Impressions of Palestine: A week in Nablus

Article published on March 16, 2015
Article published on March 16, 2015

[Opinion] Renaud Arents, a 30-year-old social worker, who has lived and worked in Spain for the last 6 years, is volunteering in Nablus, Palestine through the Erasmus+ Program of the European Commission.

In this blog, Renaud assimilates his personal thoughts and experiences of volunteering and living in Palestine.

Can you imagine Palestine? Yes? Well, I can guarantee that what I see, as I sit here on my balcony, looks more alike to what you are seeing out of your window, than what you may have just imagined.

Nablus is a 2000 year old city, situated in a valley between two more or less high hills, Mount Ebal and Mount Gerizim. It has about 150, 000 inhabitants and has been under Israeli occupation since 1967. In some way it reminds me of Granada in Spain with its Arabic influences and hilly, narrow streets. It actually has a street called Garnata.

Daily life

When I walk around Nablus I feel safe as if I’m in a familiar environment, but there are subtle differences. People are kind and helpful, more than I am used to. They invite me to sit with them. To have tea. To have a chat. They offer me help to get where I need to be. They salute me when our eyes meet. Actually I’ve known more people here mastering the English language as I did during the six years I lived in Spain.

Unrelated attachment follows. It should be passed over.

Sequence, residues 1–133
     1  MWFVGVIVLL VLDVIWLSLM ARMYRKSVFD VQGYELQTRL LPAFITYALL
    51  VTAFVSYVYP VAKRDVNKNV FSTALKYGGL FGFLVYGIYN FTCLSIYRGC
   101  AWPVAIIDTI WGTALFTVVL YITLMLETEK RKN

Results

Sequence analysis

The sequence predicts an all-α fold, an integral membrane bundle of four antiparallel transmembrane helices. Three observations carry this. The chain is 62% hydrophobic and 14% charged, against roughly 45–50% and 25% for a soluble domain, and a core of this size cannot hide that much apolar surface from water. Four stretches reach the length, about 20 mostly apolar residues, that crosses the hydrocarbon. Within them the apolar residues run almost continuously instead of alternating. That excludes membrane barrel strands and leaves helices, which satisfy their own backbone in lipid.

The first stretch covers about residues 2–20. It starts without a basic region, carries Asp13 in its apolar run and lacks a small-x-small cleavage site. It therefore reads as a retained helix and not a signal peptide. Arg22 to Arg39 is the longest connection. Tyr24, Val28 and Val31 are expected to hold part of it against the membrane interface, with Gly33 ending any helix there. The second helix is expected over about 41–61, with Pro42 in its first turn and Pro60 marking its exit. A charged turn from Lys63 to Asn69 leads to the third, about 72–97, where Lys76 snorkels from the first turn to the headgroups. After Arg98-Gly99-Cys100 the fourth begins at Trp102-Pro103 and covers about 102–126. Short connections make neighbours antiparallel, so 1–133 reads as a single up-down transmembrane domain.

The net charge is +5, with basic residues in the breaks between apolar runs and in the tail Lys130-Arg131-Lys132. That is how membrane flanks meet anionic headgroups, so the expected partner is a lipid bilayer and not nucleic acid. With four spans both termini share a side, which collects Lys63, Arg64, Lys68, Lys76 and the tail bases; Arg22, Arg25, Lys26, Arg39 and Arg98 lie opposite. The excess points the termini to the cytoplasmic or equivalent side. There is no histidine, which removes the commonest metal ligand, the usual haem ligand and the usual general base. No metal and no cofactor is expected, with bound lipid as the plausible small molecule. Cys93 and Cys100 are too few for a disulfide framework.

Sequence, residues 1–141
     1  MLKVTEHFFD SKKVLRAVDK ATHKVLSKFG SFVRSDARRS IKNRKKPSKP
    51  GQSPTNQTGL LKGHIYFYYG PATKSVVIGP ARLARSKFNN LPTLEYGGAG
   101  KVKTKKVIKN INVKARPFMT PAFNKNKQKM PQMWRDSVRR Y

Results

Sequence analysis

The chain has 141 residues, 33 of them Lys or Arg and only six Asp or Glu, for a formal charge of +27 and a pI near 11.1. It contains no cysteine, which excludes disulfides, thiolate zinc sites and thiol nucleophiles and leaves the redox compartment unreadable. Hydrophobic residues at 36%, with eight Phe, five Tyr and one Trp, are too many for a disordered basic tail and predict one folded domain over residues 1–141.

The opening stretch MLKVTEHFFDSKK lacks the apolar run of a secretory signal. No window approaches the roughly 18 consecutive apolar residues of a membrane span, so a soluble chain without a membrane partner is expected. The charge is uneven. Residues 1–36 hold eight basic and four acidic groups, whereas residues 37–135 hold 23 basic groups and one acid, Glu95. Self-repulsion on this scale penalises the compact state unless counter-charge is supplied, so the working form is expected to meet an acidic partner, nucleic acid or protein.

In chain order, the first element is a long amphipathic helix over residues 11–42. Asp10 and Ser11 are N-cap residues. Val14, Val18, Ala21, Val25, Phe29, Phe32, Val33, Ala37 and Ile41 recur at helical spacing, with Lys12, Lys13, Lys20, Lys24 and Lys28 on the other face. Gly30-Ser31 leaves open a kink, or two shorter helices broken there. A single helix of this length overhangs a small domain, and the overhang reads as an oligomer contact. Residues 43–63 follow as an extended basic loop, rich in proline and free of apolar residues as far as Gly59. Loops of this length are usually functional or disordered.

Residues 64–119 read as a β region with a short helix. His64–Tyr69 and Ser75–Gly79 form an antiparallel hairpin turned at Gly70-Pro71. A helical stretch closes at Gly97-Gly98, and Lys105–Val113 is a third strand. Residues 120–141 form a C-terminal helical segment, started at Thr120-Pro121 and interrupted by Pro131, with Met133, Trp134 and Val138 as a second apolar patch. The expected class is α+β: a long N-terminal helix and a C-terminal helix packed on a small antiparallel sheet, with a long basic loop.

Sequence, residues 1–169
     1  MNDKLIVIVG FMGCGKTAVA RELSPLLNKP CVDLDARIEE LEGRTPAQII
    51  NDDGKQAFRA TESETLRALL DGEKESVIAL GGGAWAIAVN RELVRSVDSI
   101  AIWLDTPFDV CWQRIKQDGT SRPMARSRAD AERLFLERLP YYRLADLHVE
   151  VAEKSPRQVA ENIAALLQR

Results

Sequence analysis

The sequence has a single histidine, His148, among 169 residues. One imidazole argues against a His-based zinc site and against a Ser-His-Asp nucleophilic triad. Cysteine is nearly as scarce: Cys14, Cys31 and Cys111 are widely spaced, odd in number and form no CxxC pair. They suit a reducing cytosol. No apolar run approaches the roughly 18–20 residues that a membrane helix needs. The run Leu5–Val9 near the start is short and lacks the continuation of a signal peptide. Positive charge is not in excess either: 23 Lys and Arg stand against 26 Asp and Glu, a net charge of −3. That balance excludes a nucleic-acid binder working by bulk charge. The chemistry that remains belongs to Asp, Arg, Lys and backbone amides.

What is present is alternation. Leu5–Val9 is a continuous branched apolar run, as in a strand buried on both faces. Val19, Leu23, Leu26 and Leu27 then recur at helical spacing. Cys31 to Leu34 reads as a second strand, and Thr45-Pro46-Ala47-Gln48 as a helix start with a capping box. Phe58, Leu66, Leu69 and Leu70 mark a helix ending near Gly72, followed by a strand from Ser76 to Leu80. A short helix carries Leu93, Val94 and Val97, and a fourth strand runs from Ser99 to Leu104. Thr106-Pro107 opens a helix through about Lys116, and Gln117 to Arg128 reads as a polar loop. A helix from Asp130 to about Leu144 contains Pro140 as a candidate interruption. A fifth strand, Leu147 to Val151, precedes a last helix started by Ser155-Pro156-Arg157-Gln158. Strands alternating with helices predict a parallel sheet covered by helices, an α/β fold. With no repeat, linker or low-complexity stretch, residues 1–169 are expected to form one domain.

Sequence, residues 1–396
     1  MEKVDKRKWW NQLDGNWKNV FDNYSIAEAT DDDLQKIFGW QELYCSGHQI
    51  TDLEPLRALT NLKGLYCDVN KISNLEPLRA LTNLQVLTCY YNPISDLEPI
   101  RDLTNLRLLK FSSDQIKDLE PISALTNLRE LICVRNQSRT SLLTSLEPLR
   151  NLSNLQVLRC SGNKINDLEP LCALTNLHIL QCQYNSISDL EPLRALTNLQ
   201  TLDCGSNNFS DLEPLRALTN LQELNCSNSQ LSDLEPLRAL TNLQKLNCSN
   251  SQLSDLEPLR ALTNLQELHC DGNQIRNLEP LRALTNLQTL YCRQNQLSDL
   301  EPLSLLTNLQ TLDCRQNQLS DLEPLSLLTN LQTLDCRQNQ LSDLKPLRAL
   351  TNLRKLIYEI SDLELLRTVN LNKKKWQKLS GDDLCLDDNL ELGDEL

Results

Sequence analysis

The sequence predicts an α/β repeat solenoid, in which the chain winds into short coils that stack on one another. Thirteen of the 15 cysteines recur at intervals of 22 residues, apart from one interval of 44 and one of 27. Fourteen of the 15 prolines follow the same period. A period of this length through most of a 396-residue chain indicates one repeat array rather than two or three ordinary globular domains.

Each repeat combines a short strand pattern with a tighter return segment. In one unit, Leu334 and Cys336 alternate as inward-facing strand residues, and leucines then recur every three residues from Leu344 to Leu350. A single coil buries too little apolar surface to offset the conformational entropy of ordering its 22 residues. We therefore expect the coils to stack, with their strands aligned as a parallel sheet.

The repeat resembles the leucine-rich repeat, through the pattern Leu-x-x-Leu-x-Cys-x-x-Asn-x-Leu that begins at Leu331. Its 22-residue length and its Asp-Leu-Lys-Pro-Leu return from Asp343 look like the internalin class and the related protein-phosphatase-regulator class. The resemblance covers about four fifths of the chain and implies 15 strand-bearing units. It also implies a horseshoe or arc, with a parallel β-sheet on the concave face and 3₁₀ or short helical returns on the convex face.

This is a dynamic city. It’s constantly rush hour. Taxis abuse their horns. People are in a hurry, always. To school, to work or to the university. The old city centre has narrow streets and is packed with little shops: bakeries, soap factories, butchers, bars, restaurants, carpenters, artisan workshops and so on. In this sense, it’s a ‘rich’ city but also economically and historically. People come down from their villages to Nablus where you can find anything you need.

And it’s religious. Five times a day the muezzin’s voice resonates and echoes throughout the whole city. It’s the Adhan, the call for prayer. Its sound is soft and soothing. I like it, except the 5 am prayer which wakes me up every single day since I live next to a beautiful mosque.

In the meanwhile people try to live their life. They make the best of it, even though Damocles’ sword is hanging above their heads. That’s how a project like Music Harvest, for which I volunteer, was born. Originally it was a proposal from a foreign organisation and a few years ago they made it sustainable. So now Music Harvest in Nablus is managed by a Palestinian organization, Project Hope. Both projects have paid staff but they count on dozens of local and international volunteers to help them out. And that’s where I come in. But in contrary to the major part of the volunteers that teach language classes, I do music workshops.

Local culture